Illinois Supreme Court Review

Understanding Appellate Decision Making

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Today, we’re finishing our review of the agreement rates for the Justices between 2014 and 2018.  If you get the impression reading the data below that the agreement rates for criminal cases below are consistently lower than the agreement rates on the civil side during the same years reviewed here, you’re right.  I calculated an “average agreement rate” for each Justice – add up the agreement rates for each Justice below and divide by…
For the past few weeks, we’ve been looking at the data for the Justices’ agreement rates in non-unanimous cases – in other words, how often did each possible combination of the seven Justices vote the same way in a case which had at least one dissenter.  Today, we’re looking at criminal cases between 2008 and 2013.  For purposes of the agreement rates, the only thing we’re looking at is the outcome – even if Justice…
Last time, we reviewed the Justices’ agreement rates in divided criminal decisions between 1996 and 2001.  In this post, we’re looking at the data for the years 2002 to 2007. Because Justice Burke only joined the Court in 2006, her agreement rates vary widely among her colleagues – Justice Freeman 100%, Justices Fitzgerald, Garman and Thomas 44.44%, Justice Karmeier 33.33% and Justice Kilbride 22.22%.  Justice Freeman had an agreement rate of 88.37% with Justice Rarick,…
Today, we’re continuing our look at the agreement rates for every possible combination of Justices in criminal cases by reviewing the data for the years 1996 to 2001. Justice Freeman’s highest agreement rate during these years was with Justice Fitzgerald, 86.96%.  Justice Rathje was next at 74.07%.  Three Justices were in the sixties – Bilandic (69.08%), Thomas (65.22%) and Nickels (63.49%).  Two more were in the fifties – Justices Kilbride (56.52%) and Heiple (56.49%).  Finally,…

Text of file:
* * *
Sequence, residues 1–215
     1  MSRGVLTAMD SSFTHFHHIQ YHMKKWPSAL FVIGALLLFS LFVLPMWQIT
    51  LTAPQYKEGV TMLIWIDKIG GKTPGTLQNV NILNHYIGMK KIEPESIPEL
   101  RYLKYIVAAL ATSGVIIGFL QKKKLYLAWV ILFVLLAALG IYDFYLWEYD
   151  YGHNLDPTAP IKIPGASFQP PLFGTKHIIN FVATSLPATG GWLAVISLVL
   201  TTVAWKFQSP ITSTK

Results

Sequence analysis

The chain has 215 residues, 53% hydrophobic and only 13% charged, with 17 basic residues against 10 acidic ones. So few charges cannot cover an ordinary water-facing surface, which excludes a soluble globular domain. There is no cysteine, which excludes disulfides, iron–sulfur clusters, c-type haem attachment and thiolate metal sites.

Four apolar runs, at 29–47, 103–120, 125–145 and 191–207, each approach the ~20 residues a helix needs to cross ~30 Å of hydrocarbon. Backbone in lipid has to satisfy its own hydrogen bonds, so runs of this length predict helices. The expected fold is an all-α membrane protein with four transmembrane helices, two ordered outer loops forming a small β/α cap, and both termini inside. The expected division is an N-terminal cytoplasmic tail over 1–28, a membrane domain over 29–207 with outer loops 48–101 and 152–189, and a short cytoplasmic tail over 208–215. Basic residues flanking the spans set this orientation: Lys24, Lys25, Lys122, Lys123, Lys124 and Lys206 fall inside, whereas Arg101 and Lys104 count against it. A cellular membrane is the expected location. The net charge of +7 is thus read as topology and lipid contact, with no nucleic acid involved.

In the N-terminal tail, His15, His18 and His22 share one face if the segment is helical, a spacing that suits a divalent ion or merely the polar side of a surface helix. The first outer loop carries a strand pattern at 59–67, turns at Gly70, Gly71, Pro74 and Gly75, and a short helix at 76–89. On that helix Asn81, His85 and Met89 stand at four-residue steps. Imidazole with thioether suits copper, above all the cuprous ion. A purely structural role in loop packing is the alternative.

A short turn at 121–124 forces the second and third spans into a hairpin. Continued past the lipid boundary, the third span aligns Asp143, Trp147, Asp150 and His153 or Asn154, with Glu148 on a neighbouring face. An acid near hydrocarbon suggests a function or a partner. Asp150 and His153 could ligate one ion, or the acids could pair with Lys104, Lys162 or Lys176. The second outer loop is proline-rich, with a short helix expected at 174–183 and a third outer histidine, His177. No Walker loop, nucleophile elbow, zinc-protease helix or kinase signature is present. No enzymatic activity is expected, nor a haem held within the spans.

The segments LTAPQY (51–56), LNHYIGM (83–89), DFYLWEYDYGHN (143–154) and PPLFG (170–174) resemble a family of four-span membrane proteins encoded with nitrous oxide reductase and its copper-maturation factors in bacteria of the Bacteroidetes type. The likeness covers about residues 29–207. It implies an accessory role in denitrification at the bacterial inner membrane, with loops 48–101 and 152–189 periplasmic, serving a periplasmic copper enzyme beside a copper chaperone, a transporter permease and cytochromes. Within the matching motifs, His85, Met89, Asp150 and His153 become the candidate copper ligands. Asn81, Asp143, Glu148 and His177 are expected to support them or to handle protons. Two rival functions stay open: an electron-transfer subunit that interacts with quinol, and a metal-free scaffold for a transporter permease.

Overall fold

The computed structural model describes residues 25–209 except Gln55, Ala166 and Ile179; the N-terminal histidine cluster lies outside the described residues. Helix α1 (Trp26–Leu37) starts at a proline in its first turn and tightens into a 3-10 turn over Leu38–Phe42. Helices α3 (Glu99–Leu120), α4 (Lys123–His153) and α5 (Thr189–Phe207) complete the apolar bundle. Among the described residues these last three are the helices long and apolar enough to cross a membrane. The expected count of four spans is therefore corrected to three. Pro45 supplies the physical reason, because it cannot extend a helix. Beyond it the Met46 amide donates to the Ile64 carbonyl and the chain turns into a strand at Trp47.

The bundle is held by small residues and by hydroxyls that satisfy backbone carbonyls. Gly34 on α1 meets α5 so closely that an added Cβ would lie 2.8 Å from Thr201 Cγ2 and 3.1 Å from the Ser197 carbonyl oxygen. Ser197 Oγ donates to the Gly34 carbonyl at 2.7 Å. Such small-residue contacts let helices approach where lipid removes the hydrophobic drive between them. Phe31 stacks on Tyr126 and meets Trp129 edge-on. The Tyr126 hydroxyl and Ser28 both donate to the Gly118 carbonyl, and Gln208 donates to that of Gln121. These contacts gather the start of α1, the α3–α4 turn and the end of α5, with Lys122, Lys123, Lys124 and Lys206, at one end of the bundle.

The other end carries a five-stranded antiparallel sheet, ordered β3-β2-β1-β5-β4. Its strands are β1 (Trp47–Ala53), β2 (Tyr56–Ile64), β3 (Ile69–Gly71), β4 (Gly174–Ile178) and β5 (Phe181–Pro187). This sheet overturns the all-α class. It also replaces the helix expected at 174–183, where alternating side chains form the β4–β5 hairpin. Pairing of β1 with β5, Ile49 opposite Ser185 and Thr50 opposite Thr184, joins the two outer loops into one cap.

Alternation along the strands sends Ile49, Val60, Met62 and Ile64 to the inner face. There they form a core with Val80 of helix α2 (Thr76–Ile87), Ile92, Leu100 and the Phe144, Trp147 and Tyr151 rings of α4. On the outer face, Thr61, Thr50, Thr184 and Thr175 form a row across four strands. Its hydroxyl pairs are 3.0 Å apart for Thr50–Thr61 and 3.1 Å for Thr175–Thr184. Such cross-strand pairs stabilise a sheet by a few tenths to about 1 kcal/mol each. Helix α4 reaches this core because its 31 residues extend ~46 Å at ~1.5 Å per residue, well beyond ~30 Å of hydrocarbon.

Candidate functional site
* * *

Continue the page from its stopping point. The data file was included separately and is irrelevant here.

I’m delighted to welcome three new experienced and talented appellate specialists to our growing San Francisco office!  Here’s the firm’s press release – Horvitz & Levy Expands San Francisco Office with Three Experienced Appellate Hires Bay Area Office for Nation’s Largest Appellate Boutique Offers Unmatched Expertise Horvitz & Levy LLP, the country’s largest boutique law firm dedicated to civil appeals and trial  consulting, has expanded its San Francisco presence with three strategic hires. The firm…
Tuesday, March 12, I’ll be a panelist for a Strafford webinar on Data Analytics and Litigation.  The other two panelists are Steve Embry, publisher of Tech Crossroads (and a former colleague of mine many years ago) and Evan Moses, a partner at Ogletree Deakins, Nash, Smoak and Stewart.  The time is 10:00 – 11:30 Pacific.  Here’s the link and the full description is below.  This CLE webinar will guide litigators on how to use big…
Today, we start the second part of our ongoing analysis of agreement rates among the Justices since 1990 – the criminal docket.  We proceed just as we did with the civil docket, tracking agreement rates in non-unanimous cases.  “Disagreement” is defined as two Justices not voting exactly the same way with respect to the judgment – in other words, if one Justice votes to affirm and another to affirm in part and reverse in part,…
For the past two weeks, we’ve been reviewing the Justices’ agreement rates in divided civil cases across the period 1990 to 2018, working six years at a time.  Today, we’ve reached our fifth and last post on the civil docket, reviewing the years 2014 to 2018.  As we did last time, to facilitate comparisons for a single Justice and his or her colleagues, we group the results Justice by Justice. Justice Burke’s highest agreement rate…
Yesterday, we reviewed the Justices’ agreement rates in civil cases for the years 2002 through 2007.  Today, we’re looking at the agreement rates for the next six years – 2008 through 2013, with one change.  Since we’re now getting into a period where nearly all the current members of the Court had begun their tenures, rather than presenting data several combinations at a time, we reorganize the data to compare a single Justice’s agreement rates…
Last week, we began our review, six years at a time, of the Justices’ agreement rates in civil cases.  First, we addressed the years 1990 through 1995, and then, we looked at the years 1996 through 2001.  Today, we’re turning our attention to the civil agreement rates for the years 2002 to 2007. During these years, Justices Burke and Fitzgerald had relatively high agreement rates with several Justices.  Justices Burke and Freeman agreed 88.89% of…